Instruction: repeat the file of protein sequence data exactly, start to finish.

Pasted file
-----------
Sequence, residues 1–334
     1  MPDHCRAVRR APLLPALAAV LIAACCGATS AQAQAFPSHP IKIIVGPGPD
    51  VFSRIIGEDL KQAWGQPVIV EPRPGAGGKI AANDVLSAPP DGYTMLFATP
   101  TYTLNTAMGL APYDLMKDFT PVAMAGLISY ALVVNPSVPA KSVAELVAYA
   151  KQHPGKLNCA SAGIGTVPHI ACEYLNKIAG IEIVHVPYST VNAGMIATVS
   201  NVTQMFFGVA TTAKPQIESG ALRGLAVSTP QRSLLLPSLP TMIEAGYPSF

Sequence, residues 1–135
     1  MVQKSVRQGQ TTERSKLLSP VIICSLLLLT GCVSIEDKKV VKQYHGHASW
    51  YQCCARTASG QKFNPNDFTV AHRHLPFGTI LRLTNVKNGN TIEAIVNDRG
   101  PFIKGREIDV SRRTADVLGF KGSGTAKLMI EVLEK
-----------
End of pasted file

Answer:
Sequence, residues 1–334
     1  MPDHCRAVRR APLLPALAAV LIAACCGATS AQAQAFPSHP IKIIVGPGPD
    51  VFSRIIGEDL KQAWGQPVIV EPRPGAGGKI AANDVLSAPP DGYTMLFATP
   101  TYTLNTAMGL APYDLMKDFT PVAMAGLISY ALVVNPSVPA KSVAELVAYA
   151  KQHPGKLNCA SAGIGTVPHI ACEYLNKIAG IEIVHVPYST VNAGMIATVS
   201  NVTQMFFGVA TTAKPQIESG ALRGLAVSTP QRSLLLPSLP TMIEAGYPSF

Sequence, residues 1–135
     1  MVQKSVRQGQ TTERSKLLSP VIICSLLLLT GCVSIEDKKV VKQYHGHASW
    51  YQCCARTASG QKFNPNDFTV AHRHLPFGTI LRLTNVKNGN TIEAIVNDRG
   101  PFIKGREIDV SRRTADVLGF KGSGTAKLMI EVLEK